See Spot Run Movie Review
Arquette, however, through the muck of this movie, is actually good as the hapless idiot. Sure, he's played the part before, but in a film like this, Arquette gets to be genuinely likable, especially in the face of the W.C. Fields edict (never work with dogs or children). Maybe it's his childish demeanor or puppy dog face that makes him fit right in, but he's one of the only bright spots of this film.
Otherwise, a dumb script (which wants to be a John Hughes movie so badly) cheats both Arquette and a fairly sweet story. In short, Arquette's Gordon has to look after his young neighbor (a cute, laid-back kid named Angus T. Jones) after the little guy's beautiful, overbearing mother is stuck trying to return home from a trip (horribly bad shades of Planes, Trains, & Automobiles). While Gordon and the boy get acquainted, they meet up with Agent 11, a sharp FBI dog on the run from unhappy mobsters -- including a slumming, unfunny Paul Sorvino.
Mob guys chase dog. Dog hangs with kid and even bigger kid. Mayhem ensues.
With such a thin, familiar plotline, you'd think the writers would get to it. Yet, it takes more than a half-hour for the two stories to collide. If this movie was made with kids in mind, director John Whitesell (helming his first feature) and company sure do try the youngsters' collective patience.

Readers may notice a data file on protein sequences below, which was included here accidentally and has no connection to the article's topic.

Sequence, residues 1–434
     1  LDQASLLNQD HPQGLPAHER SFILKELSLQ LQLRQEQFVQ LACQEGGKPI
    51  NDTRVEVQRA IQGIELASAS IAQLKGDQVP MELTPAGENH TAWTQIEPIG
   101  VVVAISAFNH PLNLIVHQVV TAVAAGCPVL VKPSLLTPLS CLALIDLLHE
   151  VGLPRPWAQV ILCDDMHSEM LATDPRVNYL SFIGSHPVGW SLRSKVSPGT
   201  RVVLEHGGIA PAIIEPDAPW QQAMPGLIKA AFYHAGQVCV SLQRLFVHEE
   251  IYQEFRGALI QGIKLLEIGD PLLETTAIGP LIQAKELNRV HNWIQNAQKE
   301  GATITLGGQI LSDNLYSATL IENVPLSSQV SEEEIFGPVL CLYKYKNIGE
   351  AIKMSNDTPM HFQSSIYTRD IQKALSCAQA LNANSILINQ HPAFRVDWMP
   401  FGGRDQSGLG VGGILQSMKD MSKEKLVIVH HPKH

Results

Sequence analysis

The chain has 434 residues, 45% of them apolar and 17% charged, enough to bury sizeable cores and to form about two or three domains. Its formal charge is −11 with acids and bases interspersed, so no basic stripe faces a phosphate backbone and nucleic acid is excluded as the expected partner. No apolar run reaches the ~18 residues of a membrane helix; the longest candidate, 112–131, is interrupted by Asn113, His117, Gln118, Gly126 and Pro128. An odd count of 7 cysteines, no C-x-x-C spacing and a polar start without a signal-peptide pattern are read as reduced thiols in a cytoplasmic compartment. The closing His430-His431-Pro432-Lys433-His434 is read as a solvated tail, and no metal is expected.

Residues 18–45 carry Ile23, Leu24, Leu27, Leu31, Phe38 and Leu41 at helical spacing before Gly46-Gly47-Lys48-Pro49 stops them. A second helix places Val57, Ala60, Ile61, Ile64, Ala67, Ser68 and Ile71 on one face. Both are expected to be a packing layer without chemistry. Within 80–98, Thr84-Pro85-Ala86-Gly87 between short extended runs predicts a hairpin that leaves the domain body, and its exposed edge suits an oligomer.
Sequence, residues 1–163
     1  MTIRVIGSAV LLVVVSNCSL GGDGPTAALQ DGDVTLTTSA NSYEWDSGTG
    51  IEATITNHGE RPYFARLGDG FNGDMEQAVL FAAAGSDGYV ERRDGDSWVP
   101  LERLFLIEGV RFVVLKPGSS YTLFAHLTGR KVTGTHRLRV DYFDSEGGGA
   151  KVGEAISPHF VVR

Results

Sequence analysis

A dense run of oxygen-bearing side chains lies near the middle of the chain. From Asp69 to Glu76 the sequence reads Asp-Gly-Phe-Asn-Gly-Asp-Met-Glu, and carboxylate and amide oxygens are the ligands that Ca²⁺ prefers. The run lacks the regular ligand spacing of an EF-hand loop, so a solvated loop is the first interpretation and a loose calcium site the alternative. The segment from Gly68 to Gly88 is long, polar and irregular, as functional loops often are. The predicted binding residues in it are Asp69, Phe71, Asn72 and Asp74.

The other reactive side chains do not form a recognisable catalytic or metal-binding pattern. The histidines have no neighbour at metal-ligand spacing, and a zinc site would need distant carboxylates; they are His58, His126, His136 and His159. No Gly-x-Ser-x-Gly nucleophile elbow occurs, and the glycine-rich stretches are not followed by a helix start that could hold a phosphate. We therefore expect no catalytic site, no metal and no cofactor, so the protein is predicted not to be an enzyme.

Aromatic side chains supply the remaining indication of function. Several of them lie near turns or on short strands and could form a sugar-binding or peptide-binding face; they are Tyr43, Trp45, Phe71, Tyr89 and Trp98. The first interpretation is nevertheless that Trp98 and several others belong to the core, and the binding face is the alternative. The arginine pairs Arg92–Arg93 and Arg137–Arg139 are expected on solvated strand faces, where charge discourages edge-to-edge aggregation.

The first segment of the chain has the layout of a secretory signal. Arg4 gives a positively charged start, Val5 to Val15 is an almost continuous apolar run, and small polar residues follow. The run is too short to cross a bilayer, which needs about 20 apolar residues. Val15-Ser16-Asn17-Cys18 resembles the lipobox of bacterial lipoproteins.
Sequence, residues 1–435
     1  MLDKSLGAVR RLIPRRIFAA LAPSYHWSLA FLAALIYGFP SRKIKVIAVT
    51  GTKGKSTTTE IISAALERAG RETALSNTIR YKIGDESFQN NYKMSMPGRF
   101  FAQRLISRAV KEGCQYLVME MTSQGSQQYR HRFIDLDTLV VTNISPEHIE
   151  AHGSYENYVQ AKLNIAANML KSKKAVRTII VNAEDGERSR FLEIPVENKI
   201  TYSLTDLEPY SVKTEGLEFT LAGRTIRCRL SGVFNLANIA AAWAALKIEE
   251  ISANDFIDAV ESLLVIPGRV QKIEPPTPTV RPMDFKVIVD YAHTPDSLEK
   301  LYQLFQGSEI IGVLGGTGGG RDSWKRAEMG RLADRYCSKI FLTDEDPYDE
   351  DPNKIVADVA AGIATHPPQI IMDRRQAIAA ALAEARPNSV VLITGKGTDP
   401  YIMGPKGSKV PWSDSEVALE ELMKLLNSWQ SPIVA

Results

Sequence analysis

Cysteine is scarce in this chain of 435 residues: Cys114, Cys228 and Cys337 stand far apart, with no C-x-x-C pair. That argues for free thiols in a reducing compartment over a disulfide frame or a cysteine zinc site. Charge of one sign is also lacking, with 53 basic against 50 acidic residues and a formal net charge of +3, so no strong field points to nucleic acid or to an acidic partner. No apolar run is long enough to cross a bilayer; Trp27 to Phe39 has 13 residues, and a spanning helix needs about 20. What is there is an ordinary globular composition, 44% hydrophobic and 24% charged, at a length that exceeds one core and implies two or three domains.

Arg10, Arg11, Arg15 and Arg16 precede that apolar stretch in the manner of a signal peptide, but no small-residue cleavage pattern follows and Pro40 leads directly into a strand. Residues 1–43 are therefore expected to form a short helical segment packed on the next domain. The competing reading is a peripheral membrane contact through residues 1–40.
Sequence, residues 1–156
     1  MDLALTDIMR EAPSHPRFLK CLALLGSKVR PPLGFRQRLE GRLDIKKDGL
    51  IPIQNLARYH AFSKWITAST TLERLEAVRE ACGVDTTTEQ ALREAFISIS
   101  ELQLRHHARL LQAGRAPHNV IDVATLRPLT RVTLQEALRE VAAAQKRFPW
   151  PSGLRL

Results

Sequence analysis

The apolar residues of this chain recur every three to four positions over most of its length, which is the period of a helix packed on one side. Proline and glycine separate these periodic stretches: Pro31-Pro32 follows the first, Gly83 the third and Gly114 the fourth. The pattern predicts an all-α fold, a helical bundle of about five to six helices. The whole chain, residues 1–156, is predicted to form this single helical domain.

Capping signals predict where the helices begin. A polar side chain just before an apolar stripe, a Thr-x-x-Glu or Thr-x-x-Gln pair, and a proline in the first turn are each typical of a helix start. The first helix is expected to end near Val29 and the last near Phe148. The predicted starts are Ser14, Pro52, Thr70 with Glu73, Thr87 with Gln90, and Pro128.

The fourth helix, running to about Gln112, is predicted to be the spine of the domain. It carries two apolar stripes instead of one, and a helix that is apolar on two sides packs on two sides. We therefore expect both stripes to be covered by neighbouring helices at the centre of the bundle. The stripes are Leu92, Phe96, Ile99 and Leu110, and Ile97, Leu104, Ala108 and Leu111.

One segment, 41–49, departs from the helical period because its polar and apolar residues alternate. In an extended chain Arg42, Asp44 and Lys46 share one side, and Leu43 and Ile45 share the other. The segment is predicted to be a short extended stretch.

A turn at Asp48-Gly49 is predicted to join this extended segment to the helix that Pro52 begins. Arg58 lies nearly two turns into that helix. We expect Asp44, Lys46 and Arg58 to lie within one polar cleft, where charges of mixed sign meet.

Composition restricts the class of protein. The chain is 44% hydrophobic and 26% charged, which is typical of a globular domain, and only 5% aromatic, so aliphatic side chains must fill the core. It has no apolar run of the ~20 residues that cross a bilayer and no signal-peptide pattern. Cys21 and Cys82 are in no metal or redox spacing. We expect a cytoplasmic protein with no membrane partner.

The action sequences play like Home Alone meets Baby's Day Out, as directed by a guy with no experience handling things like slapstick and moving cars. The scenes look stagy and awkward, and in the long run all the gags just seem kind of tame. Of course, the more static laughs run to flatulence and poop, but I guess that's pretty harmless (if not, uncreative) when it comes to entertaining kids.
And speaking of harmless, I never really got the feeling that this dog could cause too much trouble. In fact, the plot provides a backstory showing the serious pooch as a pup, being instructed to work and not have fun. So, as an adult, he doesn't fetch or play catch. He just sits there. Like this movie.
David Arquette should continue to head for more all-family comedies as a career angle, but as for this one -- you'll be longing for Turner and Hooch.
Baby's day out.